And, unusually, ignorance is a defence: the law states "… it is a defence for the person charged to prove that he did not know and could not reasonably be expected to have known" that he destroyed heritage. But these are comparatively minor issues.

A major ‘loophole' plagues the current legislation. To provide a simple example, currently, if a developer wants to disrupt a site associated with the Dreamtime, the developer can request that the Minister whose portfolio includes Aboriginal affairs allows it.

The Minister almost always does allow such disruptions. Granted, there is a committee to look at these requests, but it only advises the Minister and makes no binding decisions.

Furthermore, there is no hearing or court. The Aboriginal people who maintain their heritage is under threat have no formal means to present their case to the Minister.

The Minister is not accountable for the decision made, nor is there any transparency; the rationale for the Minister's decision does not need to be made public. The law appears to deprive Aboriginal people of natural justice.

There is a sense from both developers and Aboriginal people that the current law needs revision.

Developers want clearer timeframes and rationales in negotiations with Aboriginal people.

Aboriginal people want to be formally heard, if not have a say, in the Minister's decisions about their heritage.

Murujuga, usually known as the Burrup Peninsula, is a peninsula in the Pilbara region of Western Australia, adjoining the Dampier Archipelago and near the town of Dampier. (The region is sometimes confused with the Dampier Peninsula, 800 km to the north-east.) In Ngayarda languages, including that of the indigenous people of the peninsula, the Jaburara people, murujuga means "hip bone sticking out". The peninsula is a unique ecological and archaeological area since it contains the world's largest and most important collection of petroglyphs – ancient Aboriginal rock carvings some claim to date back as far as the last ice age about 10,000 years ago.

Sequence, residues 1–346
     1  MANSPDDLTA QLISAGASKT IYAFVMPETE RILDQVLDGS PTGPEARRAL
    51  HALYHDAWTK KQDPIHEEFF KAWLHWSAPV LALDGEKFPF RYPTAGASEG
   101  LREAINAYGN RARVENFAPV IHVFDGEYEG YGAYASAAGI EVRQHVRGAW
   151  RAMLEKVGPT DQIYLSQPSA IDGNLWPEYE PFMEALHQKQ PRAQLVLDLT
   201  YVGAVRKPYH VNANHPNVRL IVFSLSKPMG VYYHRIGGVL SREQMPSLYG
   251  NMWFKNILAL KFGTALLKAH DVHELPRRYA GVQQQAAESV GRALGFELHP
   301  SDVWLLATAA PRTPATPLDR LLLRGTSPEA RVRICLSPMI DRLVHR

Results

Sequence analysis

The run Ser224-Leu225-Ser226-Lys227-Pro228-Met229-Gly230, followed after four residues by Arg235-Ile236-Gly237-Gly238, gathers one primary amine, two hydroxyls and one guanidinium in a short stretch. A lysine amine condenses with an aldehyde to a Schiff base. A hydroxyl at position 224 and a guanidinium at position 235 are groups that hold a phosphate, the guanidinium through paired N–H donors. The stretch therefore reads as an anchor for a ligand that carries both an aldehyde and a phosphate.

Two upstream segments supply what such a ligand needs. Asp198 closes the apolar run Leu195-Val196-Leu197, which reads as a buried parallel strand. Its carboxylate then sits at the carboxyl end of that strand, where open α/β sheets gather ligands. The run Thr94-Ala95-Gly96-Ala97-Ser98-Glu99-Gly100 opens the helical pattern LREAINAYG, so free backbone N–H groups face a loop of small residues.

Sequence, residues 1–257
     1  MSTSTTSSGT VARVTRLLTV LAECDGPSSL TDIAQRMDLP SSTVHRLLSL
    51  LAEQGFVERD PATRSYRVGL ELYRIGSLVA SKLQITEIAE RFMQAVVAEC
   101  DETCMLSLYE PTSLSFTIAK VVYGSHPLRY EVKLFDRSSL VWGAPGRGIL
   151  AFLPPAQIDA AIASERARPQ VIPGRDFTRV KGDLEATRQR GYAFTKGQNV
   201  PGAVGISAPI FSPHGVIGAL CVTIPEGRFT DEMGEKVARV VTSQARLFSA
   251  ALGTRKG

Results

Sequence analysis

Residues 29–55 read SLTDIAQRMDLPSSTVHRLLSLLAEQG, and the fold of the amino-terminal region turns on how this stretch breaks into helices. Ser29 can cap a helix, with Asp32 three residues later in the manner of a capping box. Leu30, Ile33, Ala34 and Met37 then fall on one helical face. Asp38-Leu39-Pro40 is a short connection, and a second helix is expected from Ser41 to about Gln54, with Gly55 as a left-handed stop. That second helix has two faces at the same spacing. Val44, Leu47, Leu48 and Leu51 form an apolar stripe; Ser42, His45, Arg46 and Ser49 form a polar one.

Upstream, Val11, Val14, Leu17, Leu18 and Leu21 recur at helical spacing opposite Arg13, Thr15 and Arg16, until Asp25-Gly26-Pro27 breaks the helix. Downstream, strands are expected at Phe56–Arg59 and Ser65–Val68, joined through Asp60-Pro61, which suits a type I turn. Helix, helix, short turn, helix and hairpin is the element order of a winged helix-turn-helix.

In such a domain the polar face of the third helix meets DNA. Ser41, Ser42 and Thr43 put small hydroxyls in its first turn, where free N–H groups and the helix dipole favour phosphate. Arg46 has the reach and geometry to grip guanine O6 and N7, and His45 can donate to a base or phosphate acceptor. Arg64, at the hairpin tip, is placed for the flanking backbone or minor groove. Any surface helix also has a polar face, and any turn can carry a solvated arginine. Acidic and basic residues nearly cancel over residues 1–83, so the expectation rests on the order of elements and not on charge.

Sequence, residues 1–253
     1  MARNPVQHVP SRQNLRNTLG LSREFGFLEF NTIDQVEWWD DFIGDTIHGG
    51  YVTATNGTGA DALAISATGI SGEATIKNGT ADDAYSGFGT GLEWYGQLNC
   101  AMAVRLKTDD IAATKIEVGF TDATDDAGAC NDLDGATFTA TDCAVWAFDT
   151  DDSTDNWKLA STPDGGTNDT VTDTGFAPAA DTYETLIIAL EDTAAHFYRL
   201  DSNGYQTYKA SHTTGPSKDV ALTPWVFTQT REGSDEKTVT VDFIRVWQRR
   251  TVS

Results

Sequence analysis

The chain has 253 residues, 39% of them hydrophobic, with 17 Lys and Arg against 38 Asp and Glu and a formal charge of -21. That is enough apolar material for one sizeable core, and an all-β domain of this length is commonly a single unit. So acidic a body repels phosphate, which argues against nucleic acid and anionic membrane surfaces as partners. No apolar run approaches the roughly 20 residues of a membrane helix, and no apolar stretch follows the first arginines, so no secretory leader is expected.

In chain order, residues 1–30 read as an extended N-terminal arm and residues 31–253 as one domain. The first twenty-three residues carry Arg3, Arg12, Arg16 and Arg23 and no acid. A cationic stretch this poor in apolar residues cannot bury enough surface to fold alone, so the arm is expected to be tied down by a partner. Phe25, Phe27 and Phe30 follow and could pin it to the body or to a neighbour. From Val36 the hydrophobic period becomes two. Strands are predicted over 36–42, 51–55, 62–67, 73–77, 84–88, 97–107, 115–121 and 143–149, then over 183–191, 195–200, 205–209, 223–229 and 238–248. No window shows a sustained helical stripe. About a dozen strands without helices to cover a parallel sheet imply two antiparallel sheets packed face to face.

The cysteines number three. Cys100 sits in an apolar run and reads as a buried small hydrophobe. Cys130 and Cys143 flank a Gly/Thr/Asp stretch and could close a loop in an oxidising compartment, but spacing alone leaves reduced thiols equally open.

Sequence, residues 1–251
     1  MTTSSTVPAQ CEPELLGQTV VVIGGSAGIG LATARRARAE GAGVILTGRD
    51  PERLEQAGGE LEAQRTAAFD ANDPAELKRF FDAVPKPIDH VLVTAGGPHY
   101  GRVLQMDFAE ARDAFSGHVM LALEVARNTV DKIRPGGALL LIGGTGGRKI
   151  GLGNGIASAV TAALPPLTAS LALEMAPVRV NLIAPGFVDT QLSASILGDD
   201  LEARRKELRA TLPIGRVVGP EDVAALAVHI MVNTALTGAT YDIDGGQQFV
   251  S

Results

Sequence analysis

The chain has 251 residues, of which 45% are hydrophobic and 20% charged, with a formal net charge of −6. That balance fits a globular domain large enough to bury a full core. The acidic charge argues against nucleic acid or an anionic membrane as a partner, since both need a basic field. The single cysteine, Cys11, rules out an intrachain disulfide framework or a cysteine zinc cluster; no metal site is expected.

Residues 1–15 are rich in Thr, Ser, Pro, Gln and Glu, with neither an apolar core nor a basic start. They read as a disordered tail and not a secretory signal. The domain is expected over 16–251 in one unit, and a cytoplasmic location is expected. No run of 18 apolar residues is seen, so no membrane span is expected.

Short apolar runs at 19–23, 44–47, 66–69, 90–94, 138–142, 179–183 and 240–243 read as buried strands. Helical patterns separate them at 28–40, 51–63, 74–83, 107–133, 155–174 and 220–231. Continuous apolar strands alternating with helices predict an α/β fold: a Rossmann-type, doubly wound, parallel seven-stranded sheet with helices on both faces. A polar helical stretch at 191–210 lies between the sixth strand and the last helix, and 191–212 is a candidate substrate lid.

Proposed revisions to the Act

So when a revision to WA's Aboriginal Heritage Act was announced, many were excited. The anticipated draft can be downloaded here.

One positive is that proposed punishments have been increased for disrupting Aboriginal heritage from a maximum of $20,000 and imprisonment for nine months to $100,000 and 12 months imprisonment. But as prosecutions are so rare, this is likely to have minimal effect.

On the other hand, a quick look demonstrates why so many are disappointed with the proposed revision to the law. Sections 17 and 18 of the draft law are crucial.

If a developer wishes to develop a certain plot of land, the draft proposes to allow the Minister handling Aboriginal issues to say, in the developer's interests, that there is no heritage, or that there is heritage but development may take place.

In such a scenario there seems to be little (possibly Section 19D(1)(c)) or no recourse if local Aboriginal people, or anyone for that matter, disagrees with the decision.

On the other hand, if the Minister declares that there is heritage in a particular site, the proposed law provides ample room for developers to challenge this.

Instead of limiting, the current revision seems to empower the Minister. Developers are also provided with greater rights to challenge decisions adverse to development.

This means the revised Act makes it easier for a developer to disrupt heritage if one was so inclined.

However, the role of Aboriginal people in advising, challenging, or making accountable the CEO's decisions remains limited.

As stated, a revision to the law would be welcomed by both developers and Aboriginal people.

However, it would be hoped that at the very least, traditional owners of the land should have more say in the process.

Without this, it is possible, if not likely, that much more Aboriginal heritage in Western Australia could be legally damaged or destroyed.

Mining and development can be a great thing, but it does not need to be done at the expense of Aboriginal culture.

* Dr Nick Herriman is a lecturer with the Faculty of Humanities and Social Sciences at the School of Social Sciences and Communications at La Trobe University.